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This paper on functional implications of co-release and co-transmission says that "Consistent with a co-transmission phenotype, cholinergic synapses are uniformly distributed on the postsynaptic neuron, whereas GABAergic synapses are non-uniformly distributed."

Why is it the case that synapses across which neurotransmitters/modulators are co-transmitted are uniformly distributed? Also, what is the typical morphology of synapses that are co-released?

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The paper that you link to cites as reference 32 this paper for the relevant section you quote:

Lee, S., Kim, K., & Zhou, Z. J. (2010). Role of ACh-GABA cotransmission in detecting image motion and motion direction. Neuron, 68(6), 1159-1172.

Importantly, they are contrasting between "co-release", where two different neurotransmitters are released by the same cell by packaging together in the same vesicles, and "co-transmission", where two different neurotransmitters are released by the same cell by packaging them into separate vesicles.

I do not believe or understand the authors to express any substantial importance to the uniform distribution of one of the post-synaptic receptors as evidence for co-transmission over co-release; rather, it is that the distribution of post-synaptic receptors is different for the different neurotransmitters released, which is evidence that they are not released in the same places which means they must be in different vesicles.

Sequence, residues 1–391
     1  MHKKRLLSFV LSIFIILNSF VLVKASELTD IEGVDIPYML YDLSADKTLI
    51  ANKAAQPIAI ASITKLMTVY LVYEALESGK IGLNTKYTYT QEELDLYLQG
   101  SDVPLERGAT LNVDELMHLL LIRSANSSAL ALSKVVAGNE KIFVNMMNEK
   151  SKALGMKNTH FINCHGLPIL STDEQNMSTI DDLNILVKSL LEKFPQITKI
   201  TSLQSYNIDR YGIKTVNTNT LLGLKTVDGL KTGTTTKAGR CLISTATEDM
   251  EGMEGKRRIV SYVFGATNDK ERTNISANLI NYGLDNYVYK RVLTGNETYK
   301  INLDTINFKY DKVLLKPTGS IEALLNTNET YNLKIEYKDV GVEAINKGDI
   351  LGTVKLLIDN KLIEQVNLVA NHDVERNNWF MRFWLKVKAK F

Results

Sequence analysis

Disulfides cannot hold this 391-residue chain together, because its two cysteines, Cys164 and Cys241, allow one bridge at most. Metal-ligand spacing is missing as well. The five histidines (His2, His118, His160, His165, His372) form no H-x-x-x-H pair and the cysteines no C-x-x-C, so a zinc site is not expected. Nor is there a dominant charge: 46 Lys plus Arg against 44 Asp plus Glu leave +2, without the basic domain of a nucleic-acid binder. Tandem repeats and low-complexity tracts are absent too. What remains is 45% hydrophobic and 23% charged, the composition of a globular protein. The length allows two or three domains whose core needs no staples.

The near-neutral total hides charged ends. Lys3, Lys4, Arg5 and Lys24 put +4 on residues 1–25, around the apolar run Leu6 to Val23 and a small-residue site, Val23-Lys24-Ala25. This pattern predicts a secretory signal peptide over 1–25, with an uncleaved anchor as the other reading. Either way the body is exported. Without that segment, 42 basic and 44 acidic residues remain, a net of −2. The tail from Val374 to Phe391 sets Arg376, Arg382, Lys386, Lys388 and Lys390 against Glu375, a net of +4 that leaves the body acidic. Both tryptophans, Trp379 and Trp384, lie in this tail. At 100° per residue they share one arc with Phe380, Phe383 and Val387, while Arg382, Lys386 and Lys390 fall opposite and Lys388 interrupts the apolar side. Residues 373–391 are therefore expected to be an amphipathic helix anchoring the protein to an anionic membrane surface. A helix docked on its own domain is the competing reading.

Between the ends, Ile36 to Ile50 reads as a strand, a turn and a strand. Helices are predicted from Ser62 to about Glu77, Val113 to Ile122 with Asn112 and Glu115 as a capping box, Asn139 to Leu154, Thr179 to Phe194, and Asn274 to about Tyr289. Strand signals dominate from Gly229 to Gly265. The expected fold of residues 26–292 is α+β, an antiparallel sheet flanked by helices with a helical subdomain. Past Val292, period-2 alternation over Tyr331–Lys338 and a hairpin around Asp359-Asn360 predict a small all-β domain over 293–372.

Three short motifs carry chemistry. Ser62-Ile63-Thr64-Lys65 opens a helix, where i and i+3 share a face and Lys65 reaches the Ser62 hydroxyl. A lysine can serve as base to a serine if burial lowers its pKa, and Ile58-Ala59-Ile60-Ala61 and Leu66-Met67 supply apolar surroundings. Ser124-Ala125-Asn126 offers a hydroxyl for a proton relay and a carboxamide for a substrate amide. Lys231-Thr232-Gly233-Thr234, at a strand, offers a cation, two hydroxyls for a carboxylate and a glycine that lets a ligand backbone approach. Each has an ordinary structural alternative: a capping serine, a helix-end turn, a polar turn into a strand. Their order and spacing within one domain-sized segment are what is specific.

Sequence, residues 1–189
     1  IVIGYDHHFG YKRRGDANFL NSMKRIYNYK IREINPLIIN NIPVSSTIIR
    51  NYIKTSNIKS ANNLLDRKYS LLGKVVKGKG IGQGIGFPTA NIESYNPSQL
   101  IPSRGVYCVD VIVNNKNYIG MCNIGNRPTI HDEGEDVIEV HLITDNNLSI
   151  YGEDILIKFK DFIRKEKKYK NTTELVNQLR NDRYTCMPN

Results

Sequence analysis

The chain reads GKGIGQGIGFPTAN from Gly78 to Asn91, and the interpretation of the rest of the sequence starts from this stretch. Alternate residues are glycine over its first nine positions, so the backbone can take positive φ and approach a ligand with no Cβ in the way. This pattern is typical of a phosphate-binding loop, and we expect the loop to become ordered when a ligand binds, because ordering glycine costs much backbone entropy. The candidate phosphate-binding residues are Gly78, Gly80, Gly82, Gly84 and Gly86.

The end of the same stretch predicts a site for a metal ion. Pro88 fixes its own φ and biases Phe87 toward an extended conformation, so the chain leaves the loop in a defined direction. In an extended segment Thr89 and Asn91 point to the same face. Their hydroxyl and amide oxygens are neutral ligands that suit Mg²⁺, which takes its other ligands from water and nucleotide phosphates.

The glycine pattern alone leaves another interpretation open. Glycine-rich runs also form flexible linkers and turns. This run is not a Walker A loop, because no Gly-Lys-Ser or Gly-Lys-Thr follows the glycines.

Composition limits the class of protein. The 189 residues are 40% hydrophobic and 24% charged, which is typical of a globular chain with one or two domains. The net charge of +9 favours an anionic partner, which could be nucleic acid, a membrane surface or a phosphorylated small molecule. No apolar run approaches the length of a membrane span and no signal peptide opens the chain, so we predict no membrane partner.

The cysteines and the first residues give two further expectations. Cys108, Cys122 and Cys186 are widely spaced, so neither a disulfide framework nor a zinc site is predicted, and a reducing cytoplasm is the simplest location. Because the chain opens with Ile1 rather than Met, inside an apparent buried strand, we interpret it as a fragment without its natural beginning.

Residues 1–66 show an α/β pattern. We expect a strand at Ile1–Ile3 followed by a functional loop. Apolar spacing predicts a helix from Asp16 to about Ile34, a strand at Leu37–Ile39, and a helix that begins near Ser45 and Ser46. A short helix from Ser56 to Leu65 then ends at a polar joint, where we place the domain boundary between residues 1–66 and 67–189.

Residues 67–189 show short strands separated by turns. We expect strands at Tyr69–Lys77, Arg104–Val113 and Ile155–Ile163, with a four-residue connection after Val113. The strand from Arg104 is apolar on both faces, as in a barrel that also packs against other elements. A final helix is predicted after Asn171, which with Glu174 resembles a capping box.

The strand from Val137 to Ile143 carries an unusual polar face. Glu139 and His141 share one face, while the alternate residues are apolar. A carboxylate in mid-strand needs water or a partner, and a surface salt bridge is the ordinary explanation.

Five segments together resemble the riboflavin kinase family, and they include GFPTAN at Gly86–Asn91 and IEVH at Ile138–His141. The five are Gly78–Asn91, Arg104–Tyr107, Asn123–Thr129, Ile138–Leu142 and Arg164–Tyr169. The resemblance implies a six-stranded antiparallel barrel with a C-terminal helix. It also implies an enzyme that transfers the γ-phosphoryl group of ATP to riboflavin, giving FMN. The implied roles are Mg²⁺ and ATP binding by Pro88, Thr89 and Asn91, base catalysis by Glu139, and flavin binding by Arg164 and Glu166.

It so happens that what makes it most clear that the distribution is different is that receptors for one transmitter are found all over ("uniform") and for the other they are found only in particular locations ("non-uniform"). Other types of difference in distribution would also be evidence for co-transmission.

For this particular pre/post-synaptic pairing, the significance of this arrangement is that it functionally creates a direction selectivity, where a stimulus appearing from one direction triggers inhibition ahead of excitation, such that the cell does not fire, whereas a stimulus from the other direction triggers excitation first so the cell can be driven to fire before inhibition occurs:

Figure 7 from Lee et al 2010 Figure 7 from Lee et al 2010


I highly recommend reading the whole Lee et al paper, as well as these by Fried et al:

Fried, S. I., Münch, T. A., & Werblin, F. S. (2002). Mechanisms and circuitry underlying directional selectivity in the retina. Nature, 420(6914), 411-414.

Fried, S. I., Munch, T. A., & Werblin, F. S. (2005). Directional selectivity is formed at multiple levels by laterally offset inhibition in the rabbit retina. Neuron, 46(1), 117-127.

Lee, S., Kim, K., & Zhou, Z. J. (2010). Role of ACh-GABA cotransmission in detecting image motion and motion direction. Neuron, 68(6), 1159-1172.

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